Tuesday, November 22, 2011

Font Geeks Unite!

You can't judge a book by its cover - or can you?  If you're a font geek, you can surely try!

I love fonts!  I have ever since I didn't even know what a font was.  I remember watching "Matinee at the Bijou" on PBS when I was 12 or 13 and LOVING the font they used for the titles (I believe it was some sort of  "Broadway-esque" font - now they use a diner-like Harlow type).  Because I was such a huge reader of magazines even then, I got pretty good at deciphering what the ads where trying to convey just by looking at the type.  The business-y ads in the National Geographic had a far more serious look than the Handi-Wipes ad in the Ladies' Home Journal.

Doesn't it seem like each decade has its own font style, too?  For example, the aforementioned Broadway font has a 30s look to it.  The Forties seemed to use a lot of very linear, serious fonts - which was totally appropriate for the decade.  I don't think it was used much then, but the Harlow font I mentioned earlier has now become a font poster child of the 50s, due to its use in "diner culture" scenarios (think of all the Marilyn Monroe/Elvis/James Dean stuff you see for sale and you'll know what I mean).  Personally, I think it's a lazy choice for font, considering that the time period it's supposed to portray was two years, tops.  But it's immediately recognizable, so it's used often.

When people talk of "The Sixties", they're usually generalizing about the last three years of the decade (1967-69) and they'll use the most psychedelic font they can find.  I'm going to do my own generalizing here - for me, the Seventies were all about Cooper Black.

I'm trying to visualize a typical Eighties font, and I can't.  Maybe just plain old Helvetica?  It seemed to be everywhere.  The Stencil font seemed to be used quite a bit as well.  Someone help me out.  :D

Then we get to the Nineties.  Sorry to say, when I think of the Nineties I think of Comic Sans.  I can't help it! It was everywhere.  I'm going to admit something shameful - I liked it when it first came out.  I know there's a lot of backlash of this poor font (there are even whole Web sites devoted to the hatred of it) but for a short time it served its purpose.  Thirty or forty years from now future hipsters will enjoy it ironically.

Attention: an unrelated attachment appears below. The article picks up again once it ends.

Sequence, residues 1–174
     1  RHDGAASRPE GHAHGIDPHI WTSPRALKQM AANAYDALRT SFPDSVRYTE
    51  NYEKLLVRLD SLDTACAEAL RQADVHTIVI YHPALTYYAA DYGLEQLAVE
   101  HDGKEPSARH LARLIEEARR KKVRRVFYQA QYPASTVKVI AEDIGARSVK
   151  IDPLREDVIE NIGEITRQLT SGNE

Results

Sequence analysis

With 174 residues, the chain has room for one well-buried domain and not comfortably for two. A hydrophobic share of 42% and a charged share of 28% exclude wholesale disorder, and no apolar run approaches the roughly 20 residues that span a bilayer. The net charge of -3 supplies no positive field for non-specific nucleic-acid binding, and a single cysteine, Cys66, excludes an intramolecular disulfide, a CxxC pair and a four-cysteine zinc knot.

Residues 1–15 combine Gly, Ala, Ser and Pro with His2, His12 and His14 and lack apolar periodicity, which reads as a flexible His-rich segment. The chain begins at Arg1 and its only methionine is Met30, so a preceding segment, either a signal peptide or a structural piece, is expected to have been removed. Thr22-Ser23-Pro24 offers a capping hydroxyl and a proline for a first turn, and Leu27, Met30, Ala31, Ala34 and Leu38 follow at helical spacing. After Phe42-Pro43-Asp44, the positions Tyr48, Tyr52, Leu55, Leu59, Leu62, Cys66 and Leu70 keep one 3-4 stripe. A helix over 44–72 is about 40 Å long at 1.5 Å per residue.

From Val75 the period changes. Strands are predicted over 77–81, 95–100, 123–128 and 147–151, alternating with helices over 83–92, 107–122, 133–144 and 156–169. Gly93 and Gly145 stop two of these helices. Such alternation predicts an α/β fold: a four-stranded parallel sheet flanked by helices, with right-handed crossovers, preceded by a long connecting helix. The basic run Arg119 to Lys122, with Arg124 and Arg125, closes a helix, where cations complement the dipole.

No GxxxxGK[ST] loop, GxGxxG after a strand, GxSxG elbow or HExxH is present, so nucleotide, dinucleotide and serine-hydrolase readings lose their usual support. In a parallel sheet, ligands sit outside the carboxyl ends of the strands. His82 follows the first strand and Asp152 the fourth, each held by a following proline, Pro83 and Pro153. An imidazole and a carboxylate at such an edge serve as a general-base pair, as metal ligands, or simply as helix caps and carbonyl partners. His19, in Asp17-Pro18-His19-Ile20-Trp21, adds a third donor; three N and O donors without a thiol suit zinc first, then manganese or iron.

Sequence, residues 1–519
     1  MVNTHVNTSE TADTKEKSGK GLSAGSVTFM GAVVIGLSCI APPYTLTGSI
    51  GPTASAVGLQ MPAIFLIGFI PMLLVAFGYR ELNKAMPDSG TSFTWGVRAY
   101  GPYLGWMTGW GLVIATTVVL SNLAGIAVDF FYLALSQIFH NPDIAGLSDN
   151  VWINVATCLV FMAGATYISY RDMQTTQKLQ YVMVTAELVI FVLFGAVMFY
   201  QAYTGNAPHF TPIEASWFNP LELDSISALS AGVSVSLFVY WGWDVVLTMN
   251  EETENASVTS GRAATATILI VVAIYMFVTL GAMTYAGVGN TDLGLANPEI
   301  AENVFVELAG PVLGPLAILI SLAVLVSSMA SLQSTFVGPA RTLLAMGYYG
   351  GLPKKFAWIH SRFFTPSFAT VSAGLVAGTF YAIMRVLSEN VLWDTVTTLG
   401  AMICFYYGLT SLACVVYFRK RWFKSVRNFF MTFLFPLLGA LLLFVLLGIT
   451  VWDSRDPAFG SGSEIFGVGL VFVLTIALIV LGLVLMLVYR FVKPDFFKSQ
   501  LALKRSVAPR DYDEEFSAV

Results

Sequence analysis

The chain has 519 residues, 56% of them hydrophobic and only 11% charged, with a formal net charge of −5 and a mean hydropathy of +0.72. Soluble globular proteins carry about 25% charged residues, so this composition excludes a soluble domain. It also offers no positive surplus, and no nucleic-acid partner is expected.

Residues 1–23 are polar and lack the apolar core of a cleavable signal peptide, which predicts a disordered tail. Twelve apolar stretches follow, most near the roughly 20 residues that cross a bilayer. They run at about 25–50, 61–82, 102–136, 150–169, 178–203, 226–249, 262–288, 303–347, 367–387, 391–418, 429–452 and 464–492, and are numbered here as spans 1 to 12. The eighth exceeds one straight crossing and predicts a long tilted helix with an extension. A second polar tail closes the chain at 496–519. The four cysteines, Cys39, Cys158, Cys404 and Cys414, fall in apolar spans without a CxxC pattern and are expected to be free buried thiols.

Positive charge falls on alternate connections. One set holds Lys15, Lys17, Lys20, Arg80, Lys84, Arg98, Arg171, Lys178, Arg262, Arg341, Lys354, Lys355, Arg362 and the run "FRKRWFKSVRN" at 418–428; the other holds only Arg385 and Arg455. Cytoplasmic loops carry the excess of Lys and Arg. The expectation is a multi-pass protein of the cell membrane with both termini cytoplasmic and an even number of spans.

Because of the Internet, design in the last 15 years or so has exploded.  It seems to me that there are more fonts than ever and there exists a perfect font for any project.  I love the time we're living in!



Check out these fantastic typeface specimen books - see what I mean about awesome design?  I got these from Ebay and there's a great array of them.  The gentleman from whom they were purchased is a font geek as well - far more advanced than I, to be sure!  They're loaded with cool images and fun articles for designers (but non-designers [like me!] can appreciate them too).




















I've used typeface specimens in my art work, too!  Using text is a fun way to add some depth.  The specimen is pretty straightforward in this ATC I created:



And a little more subtle in this collage that I made for my sis and brother in-law of their home (used as the white trim):


Here's to more great font creations in the future!  I wonder how the 'Teens are going to be remembered?  :D










2 comments:

  1. Two fonts that remind of the 80s are Neon and Bitwise. My current favorite font is Trajan Pro. It makes such pretty, professional looking titles and headers.

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  2. NEON!!! Of course, Amy - that's perfect! Thanks for helping me out! :D

    I really like the "clean" fonts too, like Trebuchet and Verdana. You're right - they do look professional and will outlast any fad. :D

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